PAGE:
Antigen Shift ~ Brotherhood

folderElectro-industrial veteran act Antigen Shift is now a duo, as Nick Theriault has joined forces with Jairus Khan (Ad·ver·sary).  The result is a pumped-up sound that positively bursts from the speakers and should set dance floors on fire this summer.  Brotherhood hearkens back to the golden age of industrial dance music: the late 80s to mid 90s, a time in which bands such as Front Line Assembly, Mentallo and the Fixer, Covenant and VNV Nation (all of whom are still active) ruled the roost.  During this period, it was often about the remix as well as the original track; bands responded by producing songs that already sounded remixed.  This principle holds true throughout Brotherhood as well.  Everything is ready for the sweat and grind.

“Legion” is industrial rave in the manner of C.J. Bolland’s “The Prophet”, replete with sampled Savior.  “Are you the Son of God?”  “I AM.” Boom-boom-boom-boom!  Other tracks update the 90s industrial sound for the 21st century.  “Forced” sounds like the love child of an FLA remix and a New Order B-side.  The partial use of guitar recalls the struggle the former group had with the sound.  Splitting the difference, Antigen Shift excises the guitar from some tracks while using it sparingly in others.

The album’s strong point is its programming.  Drum patterns vary within each track.  Synthesized keyboards surge forth in equal measure, occasionally rising to the top of the mix (as in the second minute of “Angry Pillbox”).  This music wants to be blasted, and can be heard clearly in a speeding car, even with the windows open.  “Get Off My Lawn” ignores the expected Clint Eastwood sample, but makes a case for itself with rapid synths and deep bass.  The only disappointing moment found on the disc: a tempo slowdown on “November”, simply because the same trick is used in “Godkrusher”.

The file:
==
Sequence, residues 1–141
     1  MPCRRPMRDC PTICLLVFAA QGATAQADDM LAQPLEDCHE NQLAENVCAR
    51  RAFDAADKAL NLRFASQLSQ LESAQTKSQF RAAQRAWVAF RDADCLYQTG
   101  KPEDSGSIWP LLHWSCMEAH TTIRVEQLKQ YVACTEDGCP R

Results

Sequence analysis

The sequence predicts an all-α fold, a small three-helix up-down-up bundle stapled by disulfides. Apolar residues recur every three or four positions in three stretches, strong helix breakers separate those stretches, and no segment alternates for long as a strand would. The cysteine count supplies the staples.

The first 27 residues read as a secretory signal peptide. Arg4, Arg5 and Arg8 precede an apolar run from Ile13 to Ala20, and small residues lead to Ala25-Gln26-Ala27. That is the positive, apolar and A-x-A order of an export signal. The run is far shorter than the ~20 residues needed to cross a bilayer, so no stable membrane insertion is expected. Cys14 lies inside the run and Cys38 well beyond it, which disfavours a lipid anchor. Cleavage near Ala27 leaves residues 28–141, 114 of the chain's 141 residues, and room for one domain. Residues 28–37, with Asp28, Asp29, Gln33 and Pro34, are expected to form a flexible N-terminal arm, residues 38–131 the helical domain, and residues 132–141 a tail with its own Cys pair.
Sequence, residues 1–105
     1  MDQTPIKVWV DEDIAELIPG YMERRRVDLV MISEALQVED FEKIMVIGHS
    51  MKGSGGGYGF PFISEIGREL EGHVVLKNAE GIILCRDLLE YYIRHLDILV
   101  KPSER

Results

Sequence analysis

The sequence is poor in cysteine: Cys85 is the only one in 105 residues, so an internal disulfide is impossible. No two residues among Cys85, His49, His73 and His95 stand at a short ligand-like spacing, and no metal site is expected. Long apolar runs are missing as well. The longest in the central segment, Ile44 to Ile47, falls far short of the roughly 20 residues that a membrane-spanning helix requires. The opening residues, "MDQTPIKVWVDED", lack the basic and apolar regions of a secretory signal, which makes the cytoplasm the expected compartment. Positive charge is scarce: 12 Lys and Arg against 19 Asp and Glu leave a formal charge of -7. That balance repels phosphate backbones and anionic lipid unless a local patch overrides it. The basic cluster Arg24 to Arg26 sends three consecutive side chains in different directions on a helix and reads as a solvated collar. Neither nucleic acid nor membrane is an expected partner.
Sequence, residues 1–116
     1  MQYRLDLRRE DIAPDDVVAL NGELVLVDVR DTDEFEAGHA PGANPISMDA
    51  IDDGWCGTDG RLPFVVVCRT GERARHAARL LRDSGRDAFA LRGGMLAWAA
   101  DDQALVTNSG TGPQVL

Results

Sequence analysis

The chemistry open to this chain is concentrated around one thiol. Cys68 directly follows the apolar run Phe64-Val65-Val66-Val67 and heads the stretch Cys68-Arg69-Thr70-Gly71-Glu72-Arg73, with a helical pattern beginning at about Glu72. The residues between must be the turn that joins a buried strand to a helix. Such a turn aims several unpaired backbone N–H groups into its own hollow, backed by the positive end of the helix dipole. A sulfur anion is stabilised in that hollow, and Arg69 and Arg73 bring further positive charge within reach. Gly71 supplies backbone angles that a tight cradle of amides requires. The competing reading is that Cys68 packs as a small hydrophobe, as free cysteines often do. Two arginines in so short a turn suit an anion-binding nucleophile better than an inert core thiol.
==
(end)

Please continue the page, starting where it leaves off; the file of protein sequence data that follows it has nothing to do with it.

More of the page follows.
The test of Brotherhood will be to see if there’s still a market for this sort of music.  I truly hope there is, because an entire generation has gone without it; and since it never really broke through, it still has a chance.  Techno-industrial music has a dual edge over many other types of dance music in that it is instantly percussive and constantly mutating; there’s no waiting for the good bits or getting used to a repeated beat.  One either likes it or one doesn’t; but in this case, I hope you do.  (Richard Allen)

Available here

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